4 thoughts on “Using medieval harps to reconnect to 19th century tradition”

  1. Interesting observations,
    Where would you say the dividing line is between what is appropriate to play on a medieval style harp vs. An 18th century harp? Is there a singular date or is it a stylistic theme? And how do you treat tunes that may be older than their publication date, or don’t have a date at all?

    1. You mention dating tunes – you are right that quite a few tunes seem to be current in living tradition for many centuries. For me it is less how to treat a given tune (because obviously there are different possible ways to treat such a long-lived tune); I like to think about different general approaches.

      For me, there are two different approaches; one is the historical recreationism approach, which is obviously what is in play when someone makes or plays a replica medieval musical instrument. The other approach is trying to re-connect to the broken end of the tradition; in the case of Irish harp that means looking to follow the late 18th- early 19th century tradition-bearers.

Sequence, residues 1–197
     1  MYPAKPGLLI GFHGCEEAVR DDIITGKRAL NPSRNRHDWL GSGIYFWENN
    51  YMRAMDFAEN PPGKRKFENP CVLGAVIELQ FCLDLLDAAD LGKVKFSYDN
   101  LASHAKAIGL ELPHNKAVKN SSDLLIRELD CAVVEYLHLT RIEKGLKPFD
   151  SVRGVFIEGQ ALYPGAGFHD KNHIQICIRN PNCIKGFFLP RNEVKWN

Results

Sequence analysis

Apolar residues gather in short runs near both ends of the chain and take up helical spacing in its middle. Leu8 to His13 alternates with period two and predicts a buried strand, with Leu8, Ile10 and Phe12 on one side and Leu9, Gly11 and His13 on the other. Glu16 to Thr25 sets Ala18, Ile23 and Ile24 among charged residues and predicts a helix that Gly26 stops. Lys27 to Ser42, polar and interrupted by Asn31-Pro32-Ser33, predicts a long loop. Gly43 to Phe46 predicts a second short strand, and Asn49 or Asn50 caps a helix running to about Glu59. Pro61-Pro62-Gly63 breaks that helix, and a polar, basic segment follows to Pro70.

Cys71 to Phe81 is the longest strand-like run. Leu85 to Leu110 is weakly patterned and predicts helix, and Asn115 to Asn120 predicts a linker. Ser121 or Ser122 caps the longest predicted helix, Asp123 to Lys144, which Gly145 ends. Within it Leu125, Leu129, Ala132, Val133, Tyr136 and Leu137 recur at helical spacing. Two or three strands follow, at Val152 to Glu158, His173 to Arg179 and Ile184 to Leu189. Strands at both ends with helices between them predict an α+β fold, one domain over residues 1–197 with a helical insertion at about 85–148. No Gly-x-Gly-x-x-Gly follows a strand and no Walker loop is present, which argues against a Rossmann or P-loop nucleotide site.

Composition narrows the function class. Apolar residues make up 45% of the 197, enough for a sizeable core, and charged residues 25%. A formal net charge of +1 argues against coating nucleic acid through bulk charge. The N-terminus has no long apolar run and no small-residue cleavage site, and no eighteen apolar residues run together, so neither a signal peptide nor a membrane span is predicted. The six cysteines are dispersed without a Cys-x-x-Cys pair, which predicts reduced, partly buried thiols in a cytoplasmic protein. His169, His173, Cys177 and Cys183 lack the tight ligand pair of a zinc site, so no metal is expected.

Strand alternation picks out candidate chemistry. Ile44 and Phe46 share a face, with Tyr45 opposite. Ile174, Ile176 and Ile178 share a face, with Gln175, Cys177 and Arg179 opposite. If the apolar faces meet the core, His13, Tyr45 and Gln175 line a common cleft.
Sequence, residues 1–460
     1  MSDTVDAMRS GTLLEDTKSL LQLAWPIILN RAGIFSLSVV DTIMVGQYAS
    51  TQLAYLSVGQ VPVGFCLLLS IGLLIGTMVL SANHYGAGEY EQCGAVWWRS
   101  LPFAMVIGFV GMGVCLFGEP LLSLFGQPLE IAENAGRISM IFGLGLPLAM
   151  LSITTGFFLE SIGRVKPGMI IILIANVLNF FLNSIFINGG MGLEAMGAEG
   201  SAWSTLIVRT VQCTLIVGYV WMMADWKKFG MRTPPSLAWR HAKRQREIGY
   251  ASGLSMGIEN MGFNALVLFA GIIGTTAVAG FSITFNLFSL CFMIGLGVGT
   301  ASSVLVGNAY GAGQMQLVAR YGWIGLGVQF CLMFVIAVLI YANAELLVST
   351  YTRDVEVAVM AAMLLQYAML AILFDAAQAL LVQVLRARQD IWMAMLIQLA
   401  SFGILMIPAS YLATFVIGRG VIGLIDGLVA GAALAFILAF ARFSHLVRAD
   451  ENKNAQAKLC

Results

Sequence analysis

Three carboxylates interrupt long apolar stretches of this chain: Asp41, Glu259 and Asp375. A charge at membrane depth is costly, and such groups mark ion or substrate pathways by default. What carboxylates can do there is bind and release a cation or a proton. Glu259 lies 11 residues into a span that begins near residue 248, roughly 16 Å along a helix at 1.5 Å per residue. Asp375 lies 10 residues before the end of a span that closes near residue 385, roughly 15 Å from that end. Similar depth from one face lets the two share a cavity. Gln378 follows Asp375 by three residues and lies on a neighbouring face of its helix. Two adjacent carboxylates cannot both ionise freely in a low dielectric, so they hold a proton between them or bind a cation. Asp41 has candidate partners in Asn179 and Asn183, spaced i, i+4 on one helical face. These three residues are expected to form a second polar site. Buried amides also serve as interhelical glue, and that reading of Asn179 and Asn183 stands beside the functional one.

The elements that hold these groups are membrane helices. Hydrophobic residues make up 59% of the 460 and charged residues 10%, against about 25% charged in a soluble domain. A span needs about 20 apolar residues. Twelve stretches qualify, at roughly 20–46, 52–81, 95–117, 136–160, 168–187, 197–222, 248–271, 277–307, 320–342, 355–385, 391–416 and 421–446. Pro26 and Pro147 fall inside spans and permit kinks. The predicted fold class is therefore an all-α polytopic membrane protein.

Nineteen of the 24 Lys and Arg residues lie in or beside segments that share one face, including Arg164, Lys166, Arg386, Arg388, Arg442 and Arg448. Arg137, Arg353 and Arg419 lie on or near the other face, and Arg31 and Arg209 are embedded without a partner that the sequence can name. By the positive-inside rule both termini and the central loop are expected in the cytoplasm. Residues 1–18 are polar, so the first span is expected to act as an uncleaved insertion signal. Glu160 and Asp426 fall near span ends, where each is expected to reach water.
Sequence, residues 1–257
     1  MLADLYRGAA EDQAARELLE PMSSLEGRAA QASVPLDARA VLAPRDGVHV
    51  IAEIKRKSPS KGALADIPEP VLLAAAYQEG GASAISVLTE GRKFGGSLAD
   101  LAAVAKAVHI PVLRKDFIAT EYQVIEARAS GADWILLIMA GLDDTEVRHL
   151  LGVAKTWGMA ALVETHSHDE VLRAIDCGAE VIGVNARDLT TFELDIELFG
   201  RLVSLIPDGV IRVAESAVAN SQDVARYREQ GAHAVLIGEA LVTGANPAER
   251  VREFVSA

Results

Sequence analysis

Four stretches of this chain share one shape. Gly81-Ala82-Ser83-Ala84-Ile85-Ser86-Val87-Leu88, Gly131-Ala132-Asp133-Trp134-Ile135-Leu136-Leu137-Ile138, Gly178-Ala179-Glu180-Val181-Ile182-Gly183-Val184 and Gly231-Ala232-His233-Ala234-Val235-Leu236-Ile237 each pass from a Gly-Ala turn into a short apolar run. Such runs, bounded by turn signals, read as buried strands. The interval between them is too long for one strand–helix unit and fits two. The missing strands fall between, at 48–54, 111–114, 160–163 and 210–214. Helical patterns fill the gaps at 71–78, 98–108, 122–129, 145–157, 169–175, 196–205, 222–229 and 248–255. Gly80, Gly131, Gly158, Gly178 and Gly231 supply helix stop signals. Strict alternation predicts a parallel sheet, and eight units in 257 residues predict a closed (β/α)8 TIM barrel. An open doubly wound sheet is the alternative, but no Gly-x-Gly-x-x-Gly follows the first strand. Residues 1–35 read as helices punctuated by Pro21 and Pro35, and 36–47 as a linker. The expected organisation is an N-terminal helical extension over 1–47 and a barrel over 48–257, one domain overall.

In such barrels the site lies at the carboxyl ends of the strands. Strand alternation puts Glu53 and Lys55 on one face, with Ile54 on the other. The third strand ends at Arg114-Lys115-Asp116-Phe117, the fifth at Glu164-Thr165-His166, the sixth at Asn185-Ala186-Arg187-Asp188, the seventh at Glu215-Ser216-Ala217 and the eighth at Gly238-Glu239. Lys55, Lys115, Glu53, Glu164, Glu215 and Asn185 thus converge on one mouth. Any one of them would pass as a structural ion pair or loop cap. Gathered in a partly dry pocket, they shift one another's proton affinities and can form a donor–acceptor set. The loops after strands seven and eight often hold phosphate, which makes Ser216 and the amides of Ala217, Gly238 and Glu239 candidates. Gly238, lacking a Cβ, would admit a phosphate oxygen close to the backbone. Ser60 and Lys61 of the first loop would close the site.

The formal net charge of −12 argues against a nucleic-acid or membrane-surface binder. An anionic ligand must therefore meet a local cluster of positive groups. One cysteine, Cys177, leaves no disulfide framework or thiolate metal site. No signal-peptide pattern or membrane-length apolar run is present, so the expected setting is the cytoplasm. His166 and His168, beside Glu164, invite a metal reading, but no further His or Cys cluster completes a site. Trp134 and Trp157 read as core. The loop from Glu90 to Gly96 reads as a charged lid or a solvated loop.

I’m not sure there is ever a definitive “dividing line” in history or cultural development, but I think that there was a big break approximately over the course of the 17th century with a fundamental shift in instrument design and musical forms generally.

      In a specifically Gaelic context, there a big social and cultural discontinuities with the Cromwellian wars and the Jacobite-Williamite wars

      I suppose I think of analogies with other musics or art-forms. Think of the difference between playing Mozart on a violin, and playing Trouvere songs on a medieval fiddle.

  2. Firstly, ignore my stupid comments about the old tradition coming to an end “in the first years of the 19th century”. See my Long 19th century project for information about how it continued into the first years of the 20th century.

    Secondly, there is a very interesting article by Ulrich Morgenstern which gives us some ways to think about this phenomenon. He says: